DeKalb County Online Judicial System classifies Asian man’s skin as ‘yellow’
Merriam-Webster dictionary defines complexion in four different ways.
One definition is “the combination of the hot, cold, moist, and dry qualities held in medieval physiology to determine the quality of a body.” A second is “an individual complex of ways of thinking or feeling.” A third is an “overall aspect or character.” The fourth is “the hue or appearance of the skin and especially of the face.”
One DeKalb County agency is using the latter definition on its website, often toeing racial lines.
On March 1, Dunwoody resident John Cho was booked into DeKalb County jail for a misdemeanor crime. Like other inmates, his charges (driving under the influence), height (66”), weight (161), race (Asian), hair color (black) and eye color (brown) are all listed online through the county’s Online Judicial System (OJS) for public viewing.
One more characteristic is also listed on DeKalb County OJS—complexion. Cho’s listing reads “yellow.”
According to Asian American blogger Koji Stevens, who writes about issues faced by Asians in America, the term “yellow” to describe Asians is both offensive and racist.
“People of all races come in a broad range of skin colors and hues—to think otherwise is ignorant,” Stevens said. “In fact, if you have yellow skin, Asian or otherwise, you might have jaundice. If you don’t have jaundice, there are 432 causes of yellow skin.”
Stevens said the origin of the term is based on the works of Carl Linnaeus and his protégé Johann Blumenbach, whose work—now referred to as scientific racism by experts—attempted to anthropologically define race as Caucasian or white, Mongolian or yellow, Malayan or brown, Ethiopian or black, and American or red.
Linnaeus and Blumenbach’s work attempts to create racial hierarchy between the races based on physical similarities.
According to Jiang Tsu’s Failure, Nationalism and Literature: The Making of Modern Chinese Identity and Tim Yang’s The Malleable Yet Undying Nature of the Yellow Peril, when people from Asian countries began to immigrate to the United States, Canada, Australia and New Zealand, it was classified by nationalists as “the yellow peril,” “the yellow terror” and “the yellow spectre.”
When scanning other entries on OJS, complexion descriptions vary.
Inmates whose race is listed as Black, for example, are described as “fair skinned,” “black,” “dark brown,” “dark skinned,” “medium brown,” “medium,” or the description is left blank.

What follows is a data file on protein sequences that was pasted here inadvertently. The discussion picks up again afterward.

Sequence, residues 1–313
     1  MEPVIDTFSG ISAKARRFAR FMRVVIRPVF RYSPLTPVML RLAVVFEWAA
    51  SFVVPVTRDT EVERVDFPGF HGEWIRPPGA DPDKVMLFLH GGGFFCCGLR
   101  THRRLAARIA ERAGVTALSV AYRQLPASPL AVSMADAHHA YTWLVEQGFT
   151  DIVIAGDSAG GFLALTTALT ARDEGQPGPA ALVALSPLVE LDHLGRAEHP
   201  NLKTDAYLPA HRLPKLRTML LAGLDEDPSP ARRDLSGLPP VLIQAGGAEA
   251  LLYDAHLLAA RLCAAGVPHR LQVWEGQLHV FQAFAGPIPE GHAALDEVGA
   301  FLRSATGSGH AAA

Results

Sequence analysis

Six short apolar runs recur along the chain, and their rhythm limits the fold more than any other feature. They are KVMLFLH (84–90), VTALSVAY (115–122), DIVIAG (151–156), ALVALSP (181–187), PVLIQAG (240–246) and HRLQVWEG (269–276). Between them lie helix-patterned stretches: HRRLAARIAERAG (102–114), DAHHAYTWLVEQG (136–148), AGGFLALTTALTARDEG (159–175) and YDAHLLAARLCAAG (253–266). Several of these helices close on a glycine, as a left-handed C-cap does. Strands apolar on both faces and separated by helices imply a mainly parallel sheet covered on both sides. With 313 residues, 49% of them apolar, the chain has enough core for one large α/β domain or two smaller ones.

Hispanic inmates are either listed as “olive,” “light skinned,” “light brown,” “medium” or left blank. No description is put down for white inmates other than “light skinned” or “light brown.” Races listed as “other” range the entire spectrum.
Cho’s complexion is the only one described as “yellow” in the month of February. Others classified as Asian were listed as “fair skinned,” and “olive.”
According to DeKalb County Sheriff’s Office spokesman Cynthia Williams, the description for Cho’s March arrest has been deleted. In addition, Williams said DeKalb County is in the process of switching to a new operating system that will be easier to use and use different classifications.
“The personal identification description to which [inquiries] referred to has been deleted from his files,” Williams said. “We regret that this occurred and will reiterate with our officers the use of standardized terminology when processing individuals into the jail database.”
Cho’s previous arrest, which occurred in November 2015, still retains the complexion description.
As of press time, Williams did not clarify who originally makes a complexion description, if such a description is checked or what safeguards is used by the agency to prevent such descriptions from occurring.
According to the New York Daily News, a description of Shamir Allen as a “dark negro” by the Lockport Police Department in Illinois caused controversy in 2014. At the time, county legislators, authors and NAACP officials called the description insensitive, ignorant and disgusting.
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